• $\begingroup$ Sorry, my earlier comment only helps for eigenstates of $b$, not of $b^\dagger b$. I'm not sure that intelligent states will help for the latter $\endgroup$ Dec 17, 2021 at 15:54
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    $\begingroup$ Yes, there are eigenvectors, an infinity of them, but in your Fock space basis they are all infinite dimensional, just as for one oscillator representation of $\hat x$. You should first consider $A\equiv a_1 a_2$, the h.c., and the commutator of the two. Construct the relevant ladder operators. Finally, show $a^\dagger_1 a_1- a^\dagger_2 a_2$ is central, i.e. your operators commute with it, so your real Fock space is in the kernel of it! Your output number operator, then simplifies enormously; you should be able to take it from there... $\endgroup$ Dec 17, 2021 at 20:01
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    $\begingroup$ @Quantum Mechanic Of course you are right. Indeed, the two oscillators don't enter in the output operator equally... they are not "degenerate" My point is the output operator will only connect state |𝑛,𝑚⟩ to states |𝑛+k,𝑚+k⟩. Finding the eigenvectors of the n=m case will naturally lead to those of the 𝑛≠𝑚 one... $\endgroup$ Dec 17, 2021 at 20:43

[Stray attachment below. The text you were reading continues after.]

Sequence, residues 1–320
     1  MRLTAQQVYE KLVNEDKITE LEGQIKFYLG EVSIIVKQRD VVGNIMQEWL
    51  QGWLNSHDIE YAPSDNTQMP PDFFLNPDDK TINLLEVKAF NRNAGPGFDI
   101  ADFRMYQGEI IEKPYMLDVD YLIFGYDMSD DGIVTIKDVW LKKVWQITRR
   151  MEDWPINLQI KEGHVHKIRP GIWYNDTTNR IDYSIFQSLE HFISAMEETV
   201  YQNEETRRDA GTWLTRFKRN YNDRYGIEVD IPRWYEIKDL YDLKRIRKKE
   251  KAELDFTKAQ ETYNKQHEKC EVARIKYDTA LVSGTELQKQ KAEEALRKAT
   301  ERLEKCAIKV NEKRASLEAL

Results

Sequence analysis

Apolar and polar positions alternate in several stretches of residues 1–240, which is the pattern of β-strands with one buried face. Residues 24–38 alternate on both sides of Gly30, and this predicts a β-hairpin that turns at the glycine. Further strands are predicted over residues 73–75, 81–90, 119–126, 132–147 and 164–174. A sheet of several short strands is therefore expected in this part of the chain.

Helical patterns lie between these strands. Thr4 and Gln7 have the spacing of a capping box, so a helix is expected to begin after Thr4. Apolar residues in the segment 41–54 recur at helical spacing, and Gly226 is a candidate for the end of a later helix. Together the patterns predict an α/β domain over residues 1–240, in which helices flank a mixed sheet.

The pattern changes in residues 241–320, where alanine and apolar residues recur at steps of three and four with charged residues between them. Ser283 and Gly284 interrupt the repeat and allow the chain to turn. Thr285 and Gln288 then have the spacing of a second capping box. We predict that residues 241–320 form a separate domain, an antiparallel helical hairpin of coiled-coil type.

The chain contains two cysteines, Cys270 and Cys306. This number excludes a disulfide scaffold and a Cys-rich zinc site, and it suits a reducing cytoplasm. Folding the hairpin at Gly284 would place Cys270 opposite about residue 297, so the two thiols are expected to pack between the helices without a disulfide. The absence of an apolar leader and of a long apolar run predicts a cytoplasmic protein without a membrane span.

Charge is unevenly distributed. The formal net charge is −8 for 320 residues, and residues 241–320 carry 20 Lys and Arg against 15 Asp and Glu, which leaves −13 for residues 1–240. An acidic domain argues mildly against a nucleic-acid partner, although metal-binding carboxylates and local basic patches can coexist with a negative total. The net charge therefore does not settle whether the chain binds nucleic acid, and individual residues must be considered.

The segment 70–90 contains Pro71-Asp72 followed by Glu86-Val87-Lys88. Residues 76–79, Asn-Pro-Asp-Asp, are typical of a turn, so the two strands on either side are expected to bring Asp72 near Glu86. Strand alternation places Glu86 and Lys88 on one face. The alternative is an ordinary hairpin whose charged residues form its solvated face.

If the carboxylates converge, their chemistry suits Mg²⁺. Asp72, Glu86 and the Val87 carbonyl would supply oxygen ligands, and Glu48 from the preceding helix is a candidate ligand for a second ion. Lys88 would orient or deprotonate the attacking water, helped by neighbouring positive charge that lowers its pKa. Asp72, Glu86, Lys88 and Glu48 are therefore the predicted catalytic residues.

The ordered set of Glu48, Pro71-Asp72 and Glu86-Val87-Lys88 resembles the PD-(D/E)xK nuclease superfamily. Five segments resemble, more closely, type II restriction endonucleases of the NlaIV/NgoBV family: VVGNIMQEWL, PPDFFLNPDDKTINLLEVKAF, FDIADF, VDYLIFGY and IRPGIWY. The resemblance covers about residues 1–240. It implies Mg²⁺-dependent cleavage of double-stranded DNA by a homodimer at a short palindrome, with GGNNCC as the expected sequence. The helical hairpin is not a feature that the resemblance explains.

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    $\begingroup$ The first operator is a two-mode Bogoliubov operator, for which the displaced squeezed vacuum states are the eigenstates. (But you probably already know that.) Following the suggestions of Cosmas Zachos, it may help to consider first the single-mode Bogoliubov operator. In the Bogoliubov basis the eigenstates would be Fock states. Therefore, I suspect that the solutions that you are looking for may be squeezed Fock state, or their generalization to two-modes. $\endgroup$ Dec 19, 2021 at 5:34

3 Answers 3

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I might as well collect my notational simplification in a non-answer, instead of in garlands of comments...

Define $\sqrt{G}\equiv \cosh g \leadsto \sqrt{G-1}= \sinh g$. Moreover, focus on the states $|n\rangle\equiv |n,n\rangle$. Your "hamiltonian" keeps you in this class, and notation convention, $$ (b^\dagger b - \sinh^2 g)|n\rangle \\ = (\cosh 2g)~ n |n\rangle + \tfrac{1}{2} \sinh 2g \bigl ((n+1)|n+1\rangle +n|n-1\rangle\bigr ) , $$ which you may write as the standard Fock infinite-dimensional matrix like this and contemplate the eigenvectors of, $$ M= \begin{pmatrix} 0& \tfrac{1}{2} \sinh 2g & 0 & ...\\ \tfrac{1}{2} \sinh 2g& \cosh 2g & \sinh 2g &0& ... \\ 0& \sinh 2g & 2 \cosh 2g & \tfrac{3}{2} \sinh 2g & 0& ... \\ 0&0&... \end{pmatrix}. $$